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Alternative Neutron Detection Testing Summary

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Radiation portal monitors used for interdiction of illicit materials at borders include highly sensitive neutron detection systems. The main reason for having neutron detection capability is to detect fission neutrons from plutonium. Most currently deployed radiation portal monitors (RPMs) use neutron detectors based upon 3He-filled gas proportional counters, which are the most common large area neutron detector. This type of neutron detector is used in the TSA and other RPMs installed in international locations and in the Ludlum and Science Applications International Corporation RPMs deployed primarily for domestic applications. There is a declining supply of 3He in the world and, ... continued below

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Kouzes, Richard T.; Ely, James H.; Erikson, Luke E.; Kernan, Warnick J.; Lintereur, Azaree T.; Siciliano, Edward R. et al. April 8, 2010.

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Description

Radiation portal monitors used for interdiction of illicit materials at borders include highly sensitive neutron detection systems. The main reason for having neutron detection capability is to detect fission neutrons from plutonium. Most currently deployed radiation portal monitors (RPMs) use neutron detectors based upon 3He-filled gas proportional counters, which are the most common large area neutron detector. This type of neutron detector is used in the TSA and other RPMs installed in international locations and in the Ludlum and Science Applications International Corporation RPMs deployed primarily for domestic applications. There is a declining supply of 3He in the world and, thus, methods to reduce the use of this gas in RPMs with minimal changes to the current system designs and sensitivity to cargo-borne neutrons are being investigated. Four technologies have been identified as being currently commercially available, potential alternative neutron detectors to replace the use of 3He in RPMs. These technologies are: 1) Boron trifluoride-filled proportional counters, 2) Boron-lined proportional counters, 3) Lithium-loaded glass fibers, and 4) Coated wavelength-shifting plastic fibers. Reported here is a summary of the testing carried out at Pacific Northwest National Laboratory on these technologies to date, as well as measurements on 3He tubes at various pressures. Details on these measurements are available in the referenced reports. Sponsors of these tests include the Department of Energy (DOE), Department of Homeland Security (DHS), and the Department of Defense (DoD), as well as internal Pacific Northwest National Laboratory funds.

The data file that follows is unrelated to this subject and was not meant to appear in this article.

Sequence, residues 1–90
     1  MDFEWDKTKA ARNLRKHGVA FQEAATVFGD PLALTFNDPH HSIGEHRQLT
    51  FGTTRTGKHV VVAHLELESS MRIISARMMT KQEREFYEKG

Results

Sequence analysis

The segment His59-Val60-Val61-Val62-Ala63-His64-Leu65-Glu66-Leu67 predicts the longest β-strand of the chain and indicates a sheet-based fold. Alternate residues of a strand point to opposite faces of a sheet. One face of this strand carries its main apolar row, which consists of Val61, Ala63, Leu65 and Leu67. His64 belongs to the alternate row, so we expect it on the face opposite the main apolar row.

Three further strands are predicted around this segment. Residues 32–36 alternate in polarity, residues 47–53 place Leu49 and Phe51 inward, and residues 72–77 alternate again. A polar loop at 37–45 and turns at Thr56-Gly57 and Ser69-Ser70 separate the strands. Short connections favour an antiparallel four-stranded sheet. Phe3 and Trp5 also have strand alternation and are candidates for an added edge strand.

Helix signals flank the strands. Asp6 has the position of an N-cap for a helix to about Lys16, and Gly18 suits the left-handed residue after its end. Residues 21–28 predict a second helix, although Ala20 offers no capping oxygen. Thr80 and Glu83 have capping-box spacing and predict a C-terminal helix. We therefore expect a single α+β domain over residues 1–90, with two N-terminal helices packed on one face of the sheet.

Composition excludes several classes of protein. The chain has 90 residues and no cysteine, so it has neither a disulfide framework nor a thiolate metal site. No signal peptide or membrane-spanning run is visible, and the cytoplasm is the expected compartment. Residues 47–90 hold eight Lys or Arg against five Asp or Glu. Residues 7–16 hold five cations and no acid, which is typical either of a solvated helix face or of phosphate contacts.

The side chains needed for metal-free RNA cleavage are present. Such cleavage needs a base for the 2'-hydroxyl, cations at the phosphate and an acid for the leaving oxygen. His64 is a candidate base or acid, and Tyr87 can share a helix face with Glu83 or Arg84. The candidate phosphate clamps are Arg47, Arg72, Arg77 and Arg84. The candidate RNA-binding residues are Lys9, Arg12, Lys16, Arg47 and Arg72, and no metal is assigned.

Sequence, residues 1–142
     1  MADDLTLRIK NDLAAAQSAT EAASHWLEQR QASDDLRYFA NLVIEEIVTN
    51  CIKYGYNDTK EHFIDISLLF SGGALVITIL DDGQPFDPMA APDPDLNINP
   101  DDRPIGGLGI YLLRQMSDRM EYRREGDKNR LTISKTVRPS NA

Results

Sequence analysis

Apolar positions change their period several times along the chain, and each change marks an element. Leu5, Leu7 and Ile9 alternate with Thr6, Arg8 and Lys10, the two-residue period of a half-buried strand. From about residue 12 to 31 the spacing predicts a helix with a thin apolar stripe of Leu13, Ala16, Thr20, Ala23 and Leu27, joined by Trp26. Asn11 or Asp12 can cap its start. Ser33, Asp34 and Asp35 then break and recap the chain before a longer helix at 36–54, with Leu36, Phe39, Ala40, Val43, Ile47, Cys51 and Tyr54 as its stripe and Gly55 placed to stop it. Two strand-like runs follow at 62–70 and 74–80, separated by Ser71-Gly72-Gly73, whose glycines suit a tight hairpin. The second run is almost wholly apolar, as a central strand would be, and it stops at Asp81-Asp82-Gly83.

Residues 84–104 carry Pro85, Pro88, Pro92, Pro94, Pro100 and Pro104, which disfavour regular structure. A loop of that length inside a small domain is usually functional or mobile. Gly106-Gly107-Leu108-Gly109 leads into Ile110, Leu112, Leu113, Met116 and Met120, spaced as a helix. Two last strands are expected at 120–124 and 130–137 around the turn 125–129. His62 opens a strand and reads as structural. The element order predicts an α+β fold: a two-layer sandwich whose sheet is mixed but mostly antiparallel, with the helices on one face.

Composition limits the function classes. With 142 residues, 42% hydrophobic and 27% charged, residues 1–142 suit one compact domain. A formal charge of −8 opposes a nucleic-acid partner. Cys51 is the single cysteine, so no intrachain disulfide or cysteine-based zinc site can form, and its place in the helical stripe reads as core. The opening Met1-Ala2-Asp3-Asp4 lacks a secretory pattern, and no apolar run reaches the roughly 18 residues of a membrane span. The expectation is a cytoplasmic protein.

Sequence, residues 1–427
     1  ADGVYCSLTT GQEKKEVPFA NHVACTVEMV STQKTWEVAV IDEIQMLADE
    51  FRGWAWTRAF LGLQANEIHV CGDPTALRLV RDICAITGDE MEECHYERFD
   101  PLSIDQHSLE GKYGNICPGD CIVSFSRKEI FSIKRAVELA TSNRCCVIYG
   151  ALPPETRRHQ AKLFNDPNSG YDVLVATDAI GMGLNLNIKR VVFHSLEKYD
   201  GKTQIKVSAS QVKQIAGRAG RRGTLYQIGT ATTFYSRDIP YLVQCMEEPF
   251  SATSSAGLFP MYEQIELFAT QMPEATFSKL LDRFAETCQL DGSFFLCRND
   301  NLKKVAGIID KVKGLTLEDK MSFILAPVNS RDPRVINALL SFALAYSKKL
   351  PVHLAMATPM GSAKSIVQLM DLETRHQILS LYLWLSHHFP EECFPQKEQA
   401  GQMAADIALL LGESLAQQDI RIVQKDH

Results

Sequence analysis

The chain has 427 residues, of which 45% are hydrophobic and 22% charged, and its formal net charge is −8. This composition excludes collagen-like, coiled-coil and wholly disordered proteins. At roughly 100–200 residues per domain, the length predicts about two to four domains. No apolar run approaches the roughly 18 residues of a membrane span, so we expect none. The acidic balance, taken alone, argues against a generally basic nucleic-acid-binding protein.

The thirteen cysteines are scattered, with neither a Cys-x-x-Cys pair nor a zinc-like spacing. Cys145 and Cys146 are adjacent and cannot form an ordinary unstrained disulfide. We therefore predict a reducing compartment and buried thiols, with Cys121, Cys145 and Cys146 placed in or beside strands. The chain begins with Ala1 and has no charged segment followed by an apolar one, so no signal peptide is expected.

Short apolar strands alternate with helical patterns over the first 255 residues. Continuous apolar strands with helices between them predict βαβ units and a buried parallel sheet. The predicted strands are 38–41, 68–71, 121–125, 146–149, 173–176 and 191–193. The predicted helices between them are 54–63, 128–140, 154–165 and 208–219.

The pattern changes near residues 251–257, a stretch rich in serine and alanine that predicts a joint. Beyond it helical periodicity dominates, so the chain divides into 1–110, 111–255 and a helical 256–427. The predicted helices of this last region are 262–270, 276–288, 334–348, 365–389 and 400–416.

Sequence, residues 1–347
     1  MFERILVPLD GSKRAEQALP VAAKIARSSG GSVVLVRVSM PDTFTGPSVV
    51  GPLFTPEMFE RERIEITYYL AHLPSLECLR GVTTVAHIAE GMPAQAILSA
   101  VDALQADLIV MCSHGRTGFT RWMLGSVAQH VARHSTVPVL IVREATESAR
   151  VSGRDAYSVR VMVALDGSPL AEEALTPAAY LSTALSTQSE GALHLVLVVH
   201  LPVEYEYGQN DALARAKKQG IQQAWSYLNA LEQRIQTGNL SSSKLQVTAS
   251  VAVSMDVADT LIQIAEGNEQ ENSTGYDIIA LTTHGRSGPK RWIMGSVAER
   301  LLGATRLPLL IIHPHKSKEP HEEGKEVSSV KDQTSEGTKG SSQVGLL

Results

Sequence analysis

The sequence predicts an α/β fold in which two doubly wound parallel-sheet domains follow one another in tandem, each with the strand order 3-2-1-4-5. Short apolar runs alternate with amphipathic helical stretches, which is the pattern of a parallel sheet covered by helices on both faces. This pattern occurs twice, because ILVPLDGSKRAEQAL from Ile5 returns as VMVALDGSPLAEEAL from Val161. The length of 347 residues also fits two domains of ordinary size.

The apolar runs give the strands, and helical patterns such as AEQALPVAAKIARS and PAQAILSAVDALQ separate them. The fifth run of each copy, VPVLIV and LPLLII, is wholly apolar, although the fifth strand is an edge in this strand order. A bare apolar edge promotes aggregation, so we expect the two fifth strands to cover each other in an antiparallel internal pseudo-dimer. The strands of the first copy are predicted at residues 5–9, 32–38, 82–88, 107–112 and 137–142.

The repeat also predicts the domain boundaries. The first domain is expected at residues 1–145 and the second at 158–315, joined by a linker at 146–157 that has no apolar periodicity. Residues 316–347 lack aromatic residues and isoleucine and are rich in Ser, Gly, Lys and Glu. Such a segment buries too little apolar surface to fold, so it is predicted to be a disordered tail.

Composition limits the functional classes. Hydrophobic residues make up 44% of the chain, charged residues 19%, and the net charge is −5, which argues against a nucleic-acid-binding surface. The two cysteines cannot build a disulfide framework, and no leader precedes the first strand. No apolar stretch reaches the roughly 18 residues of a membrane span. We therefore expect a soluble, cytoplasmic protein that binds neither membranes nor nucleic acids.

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  • Report No.: PNNL-19311
  • Grant Number: AC05-76RL01830
  • DOI: 10.2172/981572 | External Link
  • Office of Scientific & Technical Information Report Number: 981572
  • Archival Resource Key: ark:/67531/metadc1014104

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Office of Scientific & Technical Information Technical Reports

Reports, articles and other documents harvested from the Office of Scientific and Technical Information.

Office of Scientific and Technical Information (OSTI) is the Department of Energy (DOE) office that collects, preserves, and disseminates DOE-sponsored research and development (R&D) results that are the outcomes of R&D projects or other funded activities at DOE labs and facilities nationwide and grantees at universities and other institutions.

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  • April 8, 2010

Added to The UNT Digital Library

  • Oct. 14, 2017, 8:36 a.m.

Description Last Updated

  • Oct. 19, 2017, 8:25 p.m.

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Kouzes, Richard T.; Ely, James H.; Erikson, Luke E.; Kernan, Warnick J.; Lintereur, Azaree T.; Siciliano, Edward R. et al. Alternative Neutron Detection Testing Summary, report, April 8, 2010; Richland, Washington. (digital.library.unt.edu/ark:/67531/metadc1014104/: accessed January 24, 2018), University of North Texas Libraries, Digital Library, digital.library.unt.edu; crediting UNT Libraries Government Documents Department.